A recent retrospective study (DE Brumbaugh et al. J Pediatr 2018; 194: 123-7) examined the effectiveness of intragastric fecal microbiota transplantation (FMT) for recurrent Clostridium difficile infection (CDI) in 42 children (47 FMTs).
- 94% (16/17) success in otherwise healthy children
- 75% (9/12) success in medically complex children
- 54% (7/13) success in inflammatory bowel disease.
- Figure 2 describes cost: nasogastric FMT cost for hospital/professional charges was $1139 compared to $4998 for nasoduodenal FMT and $7767 for colonoscopy FMT
To understand the results better, one needs to look at their methods. The authors defined CDI based on a positive fecal polymerase chain reaction (PCR) test. All patients undergoing FMT had to have had >2 episodes of CDI.
The authors discuss the issue that asymptomatic Clostridium difficile carriage is common in IBD (“6 times that in healthy controls”) and the fact that true CDI can be difficult to ascertain as the relative contribution of IBD activity can be difficult to separate from CDI. Interestingly, the authors did not comment on their use of PCR testing to establish infection.
As noted in a previous blog post (Overdiagnosis of Clostridium difficile with PCR assays), immunoassay testing for toxin is likely helpful in equivocal cases. In an influential JAMA Intern Med study (doi:10.1001/jamainternmed.2015.4114), virtually all CDI-related complications and deaths occurred in patients with positive toxin immunoassay test results. Patients with a positive molecular test result and a negative toxin immunoassay test result had outcomes that were comparable to patients without C difficile by either method.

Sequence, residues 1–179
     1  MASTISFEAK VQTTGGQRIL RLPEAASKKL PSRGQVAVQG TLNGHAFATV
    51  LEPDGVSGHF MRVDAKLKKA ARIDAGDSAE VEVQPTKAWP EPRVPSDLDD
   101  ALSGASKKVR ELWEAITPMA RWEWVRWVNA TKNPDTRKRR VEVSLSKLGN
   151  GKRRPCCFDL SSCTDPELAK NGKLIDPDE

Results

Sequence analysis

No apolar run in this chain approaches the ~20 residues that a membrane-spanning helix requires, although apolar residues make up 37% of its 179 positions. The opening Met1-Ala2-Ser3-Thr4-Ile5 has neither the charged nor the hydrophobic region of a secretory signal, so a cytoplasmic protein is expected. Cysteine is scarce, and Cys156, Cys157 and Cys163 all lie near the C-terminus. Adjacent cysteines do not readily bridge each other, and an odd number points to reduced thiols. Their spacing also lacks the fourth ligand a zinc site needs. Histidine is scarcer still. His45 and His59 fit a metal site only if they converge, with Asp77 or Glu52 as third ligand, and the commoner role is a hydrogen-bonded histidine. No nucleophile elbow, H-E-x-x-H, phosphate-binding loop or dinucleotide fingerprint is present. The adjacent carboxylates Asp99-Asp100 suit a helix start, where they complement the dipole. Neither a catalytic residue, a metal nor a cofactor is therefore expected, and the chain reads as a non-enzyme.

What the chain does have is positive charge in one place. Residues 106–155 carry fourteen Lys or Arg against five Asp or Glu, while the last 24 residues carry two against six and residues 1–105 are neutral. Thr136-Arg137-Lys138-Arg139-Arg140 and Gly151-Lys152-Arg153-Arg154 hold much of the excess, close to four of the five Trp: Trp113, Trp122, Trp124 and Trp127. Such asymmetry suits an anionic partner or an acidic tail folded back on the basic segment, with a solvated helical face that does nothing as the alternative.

Other useful points in this study:
- The authors note that craniofacial anatomy may preclude NG placement in some patients (in some orogastric insertion could be an alternative)
- Patients at high risk for GERD/aspiration along with general anesthesia patients are “not good candidates for FMT”
- “If there is concern for undiagnosed IBD or other GI pathology, FMT via colonoscopy may be preferable” as FMT could be diagnostic and therapeutic.
My take: This study confirms the utility of intragastric FMT for recurrent CDI as a cost-effective option. More careful examination of CDI in patients with IBD could result in determining which patients are most likely to benefit from FMT
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A recent “consensus statement” publication (Boesch RP, et al. Pediatrics 2018; 141: e20171701) discusses the structure and functions of an aerodigestive program. Congratulations to Dr. Ben Gold –one of my partners and a coauthor.
Overall this is a useful document and a good starting point to establish what an aerodigestive program should look like.
- Table 1 lists common conditions addressed by aerodigestive programs like chronic cough, Gtube dependence, failure to thrive, TEF/esophageal atresia, recurrent infections, craniofacial anomalices, tracheostomy dependence, vocal cord dysfunction, stridor and wheezing.
- Table 2 lists important team members.
- Table 3 establishes important functions like care coordination, combined endoscopy, and summary of recommendations.
- Table 4, 5, and 6 summarizes procedural skills needed by pulmonology, gastroenterology, and ENT respectively.
The accepted definition of an aerodigestive disorder: “A pediatric aerodigestive patient is a child with a combination of multiple and interrelated congenital and/or acquired conditions affecting airway, breathing, feeding, swallowing, or growth that require a coordinated interdisciplinary diagnostic and therapeutic approach to achieve optimal outcomes.”
- The authors were split on whether the care needs to be provided by all providers in the same space or whether coordination can occur with separate physician locations.
- The authors argue that coordinated care is valuable, citing care in children with cystic fibrosis and inflammatory bowel disease (via ImproveCareNow).